Wednesday, March 23, 2011

Listening ideas for 23 March 2011

Naxos Classical Music Spotlight Podcast
Vasily Petrenko talks to Edward Seckerson about his latest Shostakovich recording
The latest instalment in Vasily Petrenko’s highly acclaimed cycle of the Shostakovich symphonies offers a telling flashback to the composer’s youth. Symphony No.1 -his sensational symphonic debut- is, according to Petrenko, a whistle-stop tour through revolutionary Petrograd with Shostakovich donning the masks of comedy and tragedy in practical pursuit of his already highly developed sense of irony. As Petrenko explains to Edward Seckerson, the really big influence here is Stravinsky’s Petrushka, (as witness the devilishly flashy solo piano part) and there is something of the feel of a silent movie in the flickering imagery. Symphony No.3 “The First of May” offers a rather more prescribed view of the Revolution with its brassy choral paean redolent of those striking propaganda posters.
(review, feed)

Fresh Air
Why Libya Matters To The Middle East's Future
Story: The future of Libya has become a key part in the rapidly changing transformation of the Arab world. On today's Fresh Air, political scientist Marc Lynch explains why the United States and its allies decided to intervene — and what's at stake for each side.
(review, feed)

Entitled Opinions
Italian Cinema - Sarah Carey
Sarah Carey specializes in nineteenth and twentieth-century Italian literature, visual culture and cinema. She received her B.A. from Stanford University in 2002, her M.A. from UCLA in 2007, and her Ph.D. from UCLA in 2010. Her current book project analyzes how photography has met with artistic and literary aspirations in order to collectively explore Italy's own “autobiography.” Such a study, which would be one of the first full-length works in English to explore the relationship between photography, literature and cinema in Italy in the past two centuries aspires to show how the integration of photography into literary and filmic texts is idiosyncratic – a direct result of Italian visual traditions and the nation’s need to find a way to narrate its own story. Ms. Carey has published in Quaderni d’Italianistica and CARTE ITALIANE; her most recent article, “Futurism’s Photography – From fotodinamismo to fotomontaggio,” examines the complicated and at times hostile relationship between Italian Futurism and the photographic medium. She also has two forthcoming articles: a work co-authored with Thomas Harrison on the films of Michelangelo Antonioni in Italian Culture and an essay on photography in Vittorio Imbriani’s 1867 novel Merope IV that will be included in the book Enlightening Encounters Between Photography and Italian Literature (2010). Ms. Carey currently teaches Italian cinema and literature for the Department of French and Italian at Stanford. Her present course, “Rebels, Outcasts & Iconoclasts – Italian Cinema 1943-1975,” focuses on figures of social deviance in films from the most important Italian auteurs.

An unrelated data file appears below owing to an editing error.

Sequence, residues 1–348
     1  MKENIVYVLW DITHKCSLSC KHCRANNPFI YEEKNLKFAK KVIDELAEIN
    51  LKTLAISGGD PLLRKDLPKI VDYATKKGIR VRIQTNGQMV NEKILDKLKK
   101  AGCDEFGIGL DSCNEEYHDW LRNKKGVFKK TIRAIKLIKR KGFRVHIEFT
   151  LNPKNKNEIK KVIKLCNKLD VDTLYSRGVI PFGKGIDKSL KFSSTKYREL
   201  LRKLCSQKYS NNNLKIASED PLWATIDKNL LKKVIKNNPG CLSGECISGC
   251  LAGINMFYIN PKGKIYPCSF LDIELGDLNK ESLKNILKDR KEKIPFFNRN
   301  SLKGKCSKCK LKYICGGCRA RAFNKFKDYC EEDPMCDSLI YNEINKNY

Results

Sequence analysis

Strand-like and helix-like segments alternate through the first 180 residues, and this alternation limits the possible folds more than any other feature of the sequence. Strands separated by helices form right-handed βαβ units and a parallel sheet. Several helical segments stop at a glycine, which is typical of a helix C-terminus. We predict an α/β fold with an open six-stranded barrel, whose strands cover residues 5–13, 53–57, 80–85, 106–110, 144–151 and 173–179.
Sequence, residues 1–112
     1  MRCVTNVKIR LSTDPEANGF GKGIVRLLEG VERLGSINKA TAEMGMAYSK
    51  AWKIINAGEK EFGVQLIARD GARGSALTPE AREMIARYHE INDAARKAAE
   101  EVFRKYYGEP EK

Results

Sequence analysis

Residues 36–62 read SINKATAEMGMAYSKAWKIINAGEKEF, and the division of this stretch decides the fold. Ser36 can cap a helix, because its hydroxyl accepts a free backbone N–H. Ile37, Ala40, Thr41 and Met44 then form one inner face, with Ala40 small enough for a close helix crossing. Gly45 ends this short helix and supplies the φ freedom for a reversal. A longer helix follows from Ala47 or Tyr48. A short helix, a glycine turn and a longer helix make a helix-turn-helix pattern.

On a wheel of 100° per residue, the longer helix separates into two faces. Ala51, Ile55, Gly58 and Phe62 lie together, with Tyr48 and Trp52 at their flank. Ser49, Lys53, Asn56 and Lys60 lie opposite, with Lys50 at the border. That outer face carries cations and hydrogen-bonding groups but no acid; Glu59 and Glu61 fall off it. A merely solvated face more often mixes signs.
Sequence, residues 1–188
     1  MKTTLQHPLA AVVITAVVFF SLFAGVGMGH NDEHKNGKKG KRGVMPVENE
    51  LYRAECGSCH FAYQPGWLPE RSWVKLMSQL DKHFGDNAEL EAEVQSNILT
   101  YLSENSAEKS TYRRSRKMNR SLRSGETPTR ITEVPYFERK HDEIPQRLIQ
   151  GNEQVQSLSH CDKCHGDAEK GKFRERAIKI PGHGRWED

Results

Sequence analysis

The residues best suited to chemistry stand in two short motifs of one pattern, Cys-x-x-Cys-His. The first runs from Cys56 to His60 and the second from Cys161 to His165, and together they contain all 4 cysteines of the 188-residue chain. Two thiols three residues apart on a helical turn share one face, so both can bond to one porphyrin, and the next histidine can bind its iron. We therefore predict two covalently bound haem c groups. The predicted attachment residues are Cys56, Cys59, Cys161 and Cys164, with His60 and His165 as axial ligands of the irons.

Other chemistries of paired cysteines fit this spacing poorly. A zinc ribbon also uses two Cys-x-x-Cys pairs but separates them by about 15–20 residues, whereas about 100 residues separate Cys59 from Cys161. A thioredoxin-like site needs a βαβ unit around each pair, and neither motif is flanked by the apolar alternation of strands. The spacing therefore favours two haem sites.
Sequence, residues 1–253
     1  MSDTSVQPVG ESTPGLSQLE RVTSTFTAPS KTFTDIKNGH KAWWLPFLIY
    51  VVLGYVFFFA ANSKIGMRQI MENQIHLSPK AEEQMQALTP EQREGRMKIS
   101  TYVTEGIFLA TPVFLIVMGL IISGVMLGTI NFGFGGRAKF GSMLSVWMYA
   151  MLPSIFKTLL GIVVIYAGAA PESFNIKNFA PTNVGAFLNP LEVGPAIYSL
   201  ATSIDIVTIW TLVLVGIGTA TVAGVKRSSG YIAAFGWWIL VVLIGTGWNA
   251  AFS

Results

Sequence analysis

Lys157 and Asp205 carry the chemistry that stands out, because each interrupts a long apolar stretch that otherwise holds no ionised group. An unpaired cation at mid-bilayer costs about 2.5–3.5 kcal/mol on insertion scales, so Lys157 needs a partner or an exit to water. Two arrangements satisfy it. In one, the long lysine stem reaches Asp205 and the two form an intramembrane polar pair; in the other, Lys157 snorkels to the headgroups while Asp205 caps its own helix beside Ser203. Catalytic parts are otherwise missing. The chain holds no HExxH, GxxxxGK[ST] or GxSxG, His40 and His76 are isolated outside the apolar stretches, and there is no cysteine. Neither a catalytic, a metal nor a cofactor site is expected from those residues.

(review, feed)

Meaning Systems - Big Ideas

A very worthwhile piece of audio to pick up is the podcasted lecture by David Sloan Wilson on Religions and other Meaning Systems on the podcast Big Ideas also without the additional reading and listening that embedded it for me (feed). Sloan Wilson is an evolutionary biologist who shines his perspective on religion in general and does so in a very integrated fashion and with fascinating insights.

My perspective on religion is sociological and anthropological and it makes me always feel a bit queasy when I see biologists take on religion. Whether it is Richard Dawkins (in The God Delusion that I recently read) or Stephen Gould or PZ Myers, I always feel they somehow miss a fundamental point. Sloan Wilson is an exception to that rule, he explicitly does not miss the point: even though religions carry claims about facts, claims that biology or other sciences are by far more qualified to make, religion is not essentially about facts, or even about salvation or morality - religions are a social construct that supply people with meaning. That is what Sociology and Anthropology could have told you in the first place and what Sloan Wilson presents as a zoological discovery: unlike other animals man is profoundly symbolic. And while we are at it, political ideologies and science are no less a product of that symbolic inclination of man than religion is. They all are meaning systems, in the terminology of Wilson. I would have called them symbolic universes, but again, that is my baggage from sociology.

It is also my baggage as a sociologist that I feel the social sciences are more qualified to analyze religion, yet I happily acknowledge that the biology perspectives of David Sloan Wilson and Richard Dawkins offer insight as well. It helped I was pointed by the DIY Scholar to the Stanford series with Robert Sapolsky: Human Behavioral Biology which is a very interesting and broad course in its own right, but in this context it gave me the much needed introduction in the tools, methods, terminology and mind set of the biologist. (feed)

More Big Ideas:
The Elegance of the Hedgehog,
Age of Unequals,
Dan Dennett: what should replace religion?,
Chris Hedges,
Needham about China.